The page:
Big Data as a socio-technological phenomenon has the potential to generate new insights on the functioning and interaction of human and natural ecosystems. In particular, Big Data can improve our understanding of how societies deal with shocks related to climate change, and inform policies and actions to foster adaptive mechanisms. However, such positive effects will not occur automatically and investments to address the technological, human, and ethical barriers of Big Data will be necessary. This article analyzes these factors and makes a series of recommendations on the potential for leveraging Big Data for climate change resilience in LAC, impediments in doing so, and requirements if this is to be effective.

“Fair, Transparent and Accountable Algorithmic Decision-making Processes”

February 2017


The combination of increased availability of large amounts of fine-grained human behavioral data and advances in machine learning is presiding over a growing reliance on algorithms to address complex societal problems. Algorithmic decision-making processes might lead to more objective and thus potentially fairer decisions than those made by humans who may be influenced by greed, prejudice, fatigue, or hunger. However, algorithmic decision-making has been criticized for its potential to enhance discrimination, information and power asymmetry, and opacity. In this paper, we provide an overview of available technical solutions to enhance fairness,accountability, and transparency in algorithmic decision-making.

"Socio-Physical Vulnerability to Flooding in Senegal"

February 2017

Bessie SchwarzElizabeth Tellman, Jonathan Sullivan, Catherine Kuhn, Richa Mahtta, Bhartendu Pandey, Laura Hammett, Gabriel Pestre

Each year thousands of people and millions of dollars in assets are affected by flooding in Senegal; over the next decade, the frequency of such extreme events is expected to increase.  However, no publicly available digital flood maps, except for a few aerial photos or post – disaster assessments from UNOSAT, could be found for the country. This report tested an experimental method for assessing the socio – physical vulnerability y of Senegal using high capacity remote sensing, machine learning, new social science, and community engagement.

“Mining Case Law to Improve Countries’ Accountability To Universal Periodic Review”

February 2017

Soline Aubry, Hansdeep Singh, Ivan Vlahinic, Abhimanyu Ramachandran, Sara Fischer, Robert O’Callaghan, Natalie Shoup, Jaspreet Singh, David SangokoyaGabriel Pestre, and Carson Martinez.

The United Nations (UN) Universal Periodic Review (UPR) is a process established by the Human Rights Council aiming to monitor and improve the human rights situation in each UN member state. In this study, we hypothesize that leveraging text mining and machine-learning algorithms is a viable strategy for monitoring gender discrimination in sentencing practices of Fiji’s judiciary system, which has been the object of recommendations from Norway and Belgium in the UPR cycles of 2010 and 2015, respectively.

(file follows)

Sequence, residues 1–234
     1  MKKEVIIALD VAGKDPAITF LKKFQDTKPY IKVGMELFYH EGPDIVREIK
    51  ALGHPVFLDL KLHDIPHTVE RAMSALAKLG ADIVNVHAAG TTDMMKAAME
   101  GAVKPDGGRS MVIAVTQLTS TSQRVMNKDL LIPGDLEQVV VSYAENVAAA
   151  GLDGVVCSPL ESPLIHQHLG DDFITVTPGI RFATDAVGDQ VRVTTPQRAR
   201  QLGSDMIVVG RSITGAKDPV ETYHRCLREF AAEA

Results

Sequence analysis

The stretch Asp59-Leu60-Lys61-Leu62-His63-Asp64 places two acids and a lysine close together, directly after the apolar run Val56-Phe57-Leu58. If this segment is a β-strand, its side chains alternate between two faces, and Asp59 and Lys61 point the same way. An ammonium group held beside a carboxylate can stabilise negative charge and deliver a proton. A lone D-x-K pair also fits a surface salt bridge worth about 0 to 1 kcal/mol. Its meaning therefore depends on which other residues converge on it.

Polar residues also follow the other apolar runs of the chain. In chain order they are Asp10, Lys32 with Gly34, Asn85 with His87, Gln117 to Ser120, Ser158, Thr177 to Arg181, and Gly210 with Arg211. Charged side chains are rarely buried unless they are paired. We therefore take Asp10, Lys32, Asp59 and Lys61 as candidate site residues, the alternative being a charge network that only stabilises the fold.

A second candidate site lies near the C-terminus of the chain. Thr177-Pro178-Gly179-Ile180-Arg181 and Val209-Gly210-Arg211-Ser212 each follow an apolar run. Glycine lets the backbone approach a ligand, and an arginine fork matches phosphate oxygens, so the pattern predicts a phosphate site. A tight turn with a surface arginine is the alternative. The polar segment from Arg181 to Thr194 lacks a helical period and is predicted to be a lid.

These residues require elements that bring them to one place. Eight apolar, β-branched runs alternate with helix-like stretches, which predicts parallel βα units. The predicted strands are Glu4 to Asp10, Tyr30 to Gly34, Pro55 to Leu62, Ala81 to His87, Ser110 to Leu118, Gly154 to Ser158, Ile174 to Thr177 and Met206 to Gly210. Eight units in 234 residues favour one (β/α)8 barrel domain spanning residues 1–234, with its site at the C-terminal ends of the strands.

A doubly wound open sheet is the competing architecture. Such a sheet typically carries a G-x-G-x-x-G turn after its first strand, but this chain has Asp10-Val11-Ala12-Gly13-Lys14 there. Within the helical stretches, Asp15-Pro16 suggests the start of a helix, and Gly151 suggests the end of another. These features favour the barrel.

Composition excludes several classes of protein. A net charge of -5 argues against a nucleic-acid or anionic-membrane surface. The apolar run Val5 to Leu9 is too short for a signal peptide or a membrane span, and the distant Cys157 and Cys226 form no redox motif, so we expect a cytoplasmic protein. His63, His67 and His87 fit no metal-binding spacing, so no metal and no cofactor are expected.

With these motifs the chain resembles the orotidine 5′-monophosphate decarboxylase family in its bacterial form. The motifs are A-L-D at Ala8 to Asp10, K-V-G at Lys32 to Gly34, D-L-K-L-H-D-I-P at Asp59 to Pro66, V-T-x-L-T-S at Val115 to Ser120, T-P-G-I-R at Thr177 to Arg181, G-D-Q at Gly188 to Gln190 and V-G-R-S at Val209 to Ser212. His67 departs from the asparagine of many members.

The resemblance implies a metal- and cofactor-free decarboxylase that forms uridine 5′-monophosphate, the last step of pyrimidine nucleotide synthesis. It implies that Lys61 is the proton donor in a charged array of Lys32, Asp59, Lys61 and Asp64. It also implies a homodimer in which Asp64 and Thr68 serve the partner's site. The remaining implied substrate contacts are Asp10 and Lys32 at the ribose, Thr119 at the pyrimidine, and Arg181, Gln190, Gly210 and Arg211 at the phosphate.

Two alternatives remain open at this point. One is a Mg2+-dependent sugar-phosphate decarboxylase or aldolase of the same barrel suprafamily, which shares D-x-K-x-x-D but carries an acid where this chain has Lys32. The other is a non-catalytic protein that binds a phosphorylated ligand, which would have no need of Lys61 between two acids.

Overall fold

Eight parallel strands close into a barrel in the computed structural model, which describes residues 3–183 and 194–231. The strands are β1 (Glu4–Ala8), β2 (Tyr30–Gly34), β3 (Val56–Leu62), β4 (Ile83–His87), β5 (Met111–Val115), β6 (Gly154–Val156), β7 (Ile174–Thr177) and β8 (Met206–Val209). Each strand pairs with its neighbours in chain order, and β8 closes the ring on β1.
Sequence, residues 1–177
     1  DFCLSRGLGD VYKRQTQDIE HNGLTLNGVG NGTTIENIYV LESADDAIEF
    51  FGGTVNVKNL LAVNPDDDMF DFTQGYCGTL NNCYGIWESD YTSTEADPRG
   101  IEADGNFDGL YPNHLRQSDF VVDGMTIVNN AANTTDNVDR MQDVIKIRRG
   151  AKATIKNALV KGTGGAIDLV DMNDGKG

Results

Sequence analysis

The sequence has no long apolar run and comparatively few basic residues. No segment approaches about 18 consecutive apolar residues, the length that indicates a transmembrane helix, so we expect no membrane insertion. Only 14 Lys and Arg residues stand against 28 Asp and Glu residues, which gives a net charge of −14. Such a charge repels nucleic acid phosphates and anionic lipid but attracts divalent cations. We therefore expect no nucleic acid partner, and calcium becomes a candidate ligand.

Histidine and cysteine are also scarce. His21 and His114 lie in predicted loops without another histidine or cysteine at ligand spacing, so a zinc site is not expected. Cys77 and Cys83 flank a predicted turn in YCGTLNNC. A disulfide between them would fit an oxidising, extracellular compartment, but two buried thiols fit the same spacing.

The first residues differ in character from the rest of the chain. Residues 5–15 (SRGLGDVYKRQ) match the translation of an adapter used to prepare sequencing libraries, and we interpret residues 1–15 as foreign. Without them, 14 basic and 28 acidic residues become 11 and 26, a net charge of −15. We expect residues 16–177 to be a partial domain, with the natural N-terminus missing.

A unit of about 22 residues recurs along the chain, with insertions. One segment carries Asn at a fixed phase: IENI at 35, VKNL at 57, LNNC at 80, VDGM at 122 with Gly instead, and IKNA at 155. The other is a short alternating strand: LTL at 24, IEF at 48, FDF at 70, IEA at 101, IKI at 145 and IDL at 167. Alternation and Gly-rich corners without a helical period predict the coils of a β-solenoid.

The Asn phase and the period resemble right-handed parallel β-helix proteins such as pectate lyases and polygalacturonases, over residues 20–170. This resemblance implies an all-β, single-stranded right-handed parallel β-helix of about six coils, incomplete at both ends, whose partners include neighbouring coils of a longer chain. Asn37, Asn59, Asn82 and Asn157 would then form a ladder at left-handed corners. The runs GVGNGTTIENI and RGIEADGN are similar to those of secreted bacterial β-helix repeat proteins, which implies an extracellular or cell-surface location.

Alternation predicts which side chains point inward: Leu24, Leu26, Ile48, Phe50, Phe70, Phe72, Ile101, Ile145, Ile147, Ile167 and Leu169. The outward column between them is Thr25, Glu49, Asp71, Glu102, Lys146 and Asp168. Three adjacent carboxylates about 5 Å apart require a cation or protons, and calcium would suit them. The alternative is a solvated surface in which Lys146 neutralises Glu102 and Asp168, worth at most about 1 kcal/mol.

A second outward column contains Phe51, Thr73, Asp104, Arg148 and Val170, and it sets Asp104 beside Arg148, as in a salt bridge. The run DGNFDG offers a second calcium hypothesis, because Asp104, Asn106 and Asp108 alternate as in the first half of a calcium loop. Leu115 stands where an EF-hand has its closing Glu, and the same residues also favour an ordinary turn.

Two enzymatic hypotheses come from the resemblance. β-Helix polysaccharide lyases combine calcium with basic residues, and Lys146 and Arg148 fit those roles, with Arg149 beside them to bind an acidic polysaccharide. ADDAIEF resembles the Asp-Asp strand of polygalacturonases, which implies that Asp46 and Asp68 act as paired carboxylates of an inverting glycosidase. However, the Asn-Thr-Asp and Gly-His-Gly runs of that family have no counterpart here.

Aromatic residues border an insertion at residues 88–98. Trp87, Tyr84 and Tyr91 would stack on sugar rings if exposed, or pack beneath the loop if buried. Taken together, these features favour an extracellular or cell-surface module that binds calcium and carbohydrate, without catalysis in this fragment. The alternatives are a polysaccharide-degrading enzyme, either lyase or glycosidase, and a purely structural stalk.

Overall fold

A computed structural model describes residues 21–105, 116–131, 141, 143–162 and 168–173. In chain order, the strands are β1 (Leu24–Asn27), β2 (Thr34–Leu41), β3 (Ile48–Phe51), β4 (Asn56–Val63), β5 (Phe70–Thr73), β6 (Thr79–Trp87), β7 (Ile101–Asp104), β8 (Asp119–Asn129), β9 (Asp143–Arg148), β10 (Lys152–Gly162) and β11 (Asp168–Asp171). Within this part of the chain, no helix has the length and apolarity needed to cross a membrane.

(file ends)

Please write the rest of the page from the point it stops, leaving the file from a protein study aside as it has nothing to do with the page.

“Leveraging Algorithms for Positive Disruption: On data, democracy, society and statistics”

December 2016

The main objective of this paper is to discuss whether and how the future of algorithms can be crafted such that their development and deployment—from their design to their use, including control, evaluation, auditing, governance—be based on and foster core democratic values such as accountability, transparency, participation, and collaboration. In doing so, we will focus on algorithms affecting public life and policies to maximize benefit for citizens, or ‘public good algorithms’, but the discussion aims to have broader applicability.

“Oportunidades y requerimientos para aprovechar el uso de Big Data para las estadísticas oficiales y los Objetivos de Desarrollo Sostenible en América Latina”

Mayo 2016

Este documento se realizó en el marco de un proyecto apoyado por el Banco Mundial e implementado por Data-Pop Alliance en asociación con el Departamento Administrativo Nacional de Estadística de Colombia – DANE. Data-Pop Alliance es una coalición sobre Big Data y el desarrollo creada conjuntamente por la Iniciativa Humanitaria de Harvard, el MIT Media Lab y el Instituto de Desarrollo de Ultramar (ODI por sus siglas en inglés) para promover una revolución de Big Data centrada en las personas.

“Big Data and Climate Change Resilience”

November 2015

Patrick Vinck with contributions from several members of CIESIN and Research Affiliates Simone SalaBessie Schwarz, and Elizabeth Tellman